by Matthew Barsalou, guest blogger

Programs such as the Minitab Statistical Software make hypothesis testing easier; but no program can think for the experimenter. Anybody performing a statistical hypothesis test must understand what p values mean in regards to their statistical results as well as potential limitations of statistical hypothesis testing.

A p value of 0.05 is frequently used during statistical hypothesis testing. This p value indicates that if there is no effect (or if the null hypothesis is true), you’d obtain the observed difference or more in 5% of studies due to random sampling error. However, performing multiple hypothesis tests with p > 0.05 increases the chance of a false positive.

This is well illustrated by the online comic XKCD, which depicted somebody stating that jelly beans cause acne.

Scientists investigated and found no link, so the person made the claim that it is only a certain color jelly bean that caused acne. The scientists then test 20 different colors of jelly beans with p > 0.05. Only the green jelly bean had a p value less than 0.05.

The comic ends with a newspaper reporting a link between green jelly beans and acne. The newspaper points out there is 95% confidence with only a 5% chance of coincidence. What is wrong with the conclusion?

We can determine the chance that there will be no false conclusions by using the binomial formula.

This means that we have a 35.8% chance of performing 20 hypothesis tests without getting a false positive (or, as statisticians refer to it, the family error rate) when using an alpha level of 0.05. We can also calculate the probability that we have at least one incorrect result due to random chance.

The chance that at least one result will be a false positive when performing 20 hypothesis tests using an alpha level of 0.05 is 64.2%.

So the press release in the XKCD comic may have been a bit premature.

Suppose I had 14 samples with a mean of 87.2 and I wanted to know if the mean is actually 85.2. I performed a One-Sample T-test using Minitab by going to Stat > Basic Statistics  >  1 Sample t …. And I entered the summarized data. I checked the “perform hypothesis test box” and then selected “Options…” and used the default confidence level of 95.0. This corresponds to an alpha of 0.05.

I performed the test and the resulting p value was 0.049, which is close to but still below 0.05, so I can reject my null hypothesis. If I performed the test repeatedly, as in the XLCD example, I might have failed to reject the null hypothesis, because the 5% probability adds up with additional tests.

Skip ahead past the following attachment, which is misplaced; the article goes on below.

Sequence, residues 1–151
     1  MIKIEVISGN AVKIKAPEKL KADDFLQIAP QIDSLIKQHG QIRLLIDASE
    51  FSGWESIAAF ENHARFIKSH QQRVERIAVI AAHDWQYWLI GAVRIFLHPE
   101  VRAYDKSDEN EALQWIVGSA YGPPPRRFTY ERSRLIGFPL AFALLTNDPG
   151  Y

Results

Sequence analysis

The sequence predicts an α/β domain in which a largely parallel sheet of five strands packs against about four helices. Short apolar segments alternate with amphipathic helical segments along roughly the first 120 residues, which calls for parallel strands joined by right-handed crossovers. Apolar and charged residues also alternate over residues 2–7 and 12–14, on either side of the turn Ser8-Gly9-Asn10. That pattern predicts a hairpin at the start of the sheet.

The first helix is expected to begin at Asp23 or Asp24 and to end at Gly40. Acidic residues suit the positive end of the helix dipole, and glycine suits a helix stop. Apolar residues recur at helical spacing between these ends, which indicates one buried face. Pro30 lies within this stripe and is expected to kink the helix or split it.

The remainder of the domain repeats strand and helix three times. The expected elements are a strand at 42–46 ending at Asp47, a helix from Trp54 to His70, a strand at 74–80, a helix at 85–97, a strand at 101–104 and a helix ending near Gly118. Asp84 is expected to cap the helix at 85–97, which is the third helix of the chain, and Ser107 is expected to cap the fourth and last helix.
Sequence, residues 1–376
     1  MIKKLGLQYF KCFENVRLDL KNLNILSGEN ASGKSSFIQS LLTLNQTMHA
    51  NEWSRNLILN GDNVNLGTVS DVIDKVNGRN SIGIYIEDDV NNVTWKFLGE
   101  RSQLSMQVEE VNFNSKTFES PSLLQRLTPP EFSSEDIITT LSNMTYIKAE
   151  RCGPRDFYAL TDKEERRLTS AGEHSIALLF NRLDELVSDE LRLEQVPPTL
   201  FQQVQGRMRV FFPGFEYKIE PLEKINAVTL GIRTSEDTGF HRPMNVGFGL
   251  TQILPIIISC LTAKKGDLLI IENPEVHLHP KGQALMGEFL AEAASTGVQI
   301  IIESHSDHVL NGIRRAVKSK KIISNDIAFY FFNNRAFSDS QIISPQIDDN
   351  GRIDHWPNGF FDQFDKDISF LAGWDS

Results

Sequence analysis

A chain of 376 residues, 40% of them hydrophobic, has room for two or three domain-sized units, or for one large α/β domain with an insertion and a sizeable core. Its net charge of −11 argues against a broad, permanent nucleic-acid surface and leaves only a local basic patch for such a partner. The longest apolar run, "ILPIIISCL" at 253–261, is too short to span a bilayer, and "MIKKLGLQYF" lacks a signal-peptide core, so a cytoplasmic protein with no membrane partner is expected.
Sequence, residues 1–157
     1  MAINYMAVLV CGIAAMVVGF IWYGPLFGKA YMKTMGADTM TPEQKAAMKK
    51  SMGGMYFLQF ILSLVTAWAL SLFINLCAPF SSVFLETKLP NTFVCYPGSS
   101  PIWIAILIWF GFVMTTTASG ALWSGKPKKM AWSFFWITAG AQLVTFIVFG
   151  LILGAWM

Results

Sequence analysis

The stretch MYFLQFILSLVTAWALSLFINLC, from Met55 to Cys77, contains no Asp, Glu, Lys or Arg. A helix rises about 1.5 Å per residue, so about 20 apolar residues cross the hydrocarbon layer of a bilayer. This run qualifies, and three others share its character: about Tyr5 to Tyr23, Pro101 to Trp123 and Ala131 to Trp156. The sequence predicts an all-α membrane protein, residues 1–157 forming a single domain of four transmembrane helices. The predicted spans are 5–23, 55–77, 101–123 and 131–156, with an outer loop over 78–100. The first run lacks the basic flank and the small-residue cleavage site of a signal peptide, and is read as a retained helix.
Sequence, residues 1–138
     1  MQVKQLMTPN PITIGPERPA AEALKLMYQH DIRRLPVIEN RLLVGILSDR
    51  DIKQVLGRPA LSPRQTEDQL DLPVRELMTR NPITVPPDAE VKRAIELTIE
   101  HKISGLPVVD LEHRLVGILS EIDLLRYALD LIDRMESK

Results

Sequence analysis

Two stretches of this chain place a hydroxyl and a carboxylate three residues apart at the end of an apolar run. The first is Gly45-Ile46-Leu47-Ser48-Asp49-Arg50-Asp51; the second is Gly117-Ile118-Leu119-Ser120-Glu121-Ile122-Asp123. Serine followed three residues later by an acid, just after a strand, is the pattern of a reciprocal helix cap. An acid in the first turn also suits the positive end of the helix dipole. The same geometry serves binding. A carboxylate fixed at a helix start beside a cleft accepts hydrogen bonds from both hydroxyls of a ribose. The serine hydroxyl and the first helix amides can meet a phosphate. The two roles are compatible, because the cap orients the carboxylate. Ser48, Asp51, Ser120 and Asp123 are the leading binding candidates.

There are alternatives to statistical hypothesis testing; for example, Bayesian inference could be used in place of hypothesis testing with p values. But alternative methods have their own weaknesses, and they may be difficult for non-statisticians to use.

Instead of avoiding the use of hypothesis testing, we should account for its limitations. For example, by realizing that each repeat of the test increases the chance of a false positive, as illustrated by XKCD's jelly bean example.

We can’t simply retest over and over using  the same p value and then conclude that we have results with statistical significance. For situations such as in the XKCD example, Simons, Nelson and Simonsohn recommend disclosing the total number of test that were performed. Had we known that 20 test had been performed with p > 0.05 we could realize that we may not need to avoid green jellybeans after all.

About the Guest Blogger:
Matthew Barsalou is an engineering quality expert in BorgWarner Turbo Systems Engineering GmbH’s Global Engineering Excellence department. He has previously worked as a quality manager at an automotive component supplier and as a contract quality engineer at Ford in Germany and Belgium. He possesses a bachelor of science in industrial sciences, a master of liberal studies and a master of science in business administration and engineering from the Wilhelm Büchner Hochschule in Darmstadt, Germany.

xkcd.com comic from http://xkcd.com/882/ used under Creative Commons Attribution- NonCommercial 2.5 License. http://xkcd.com/license.html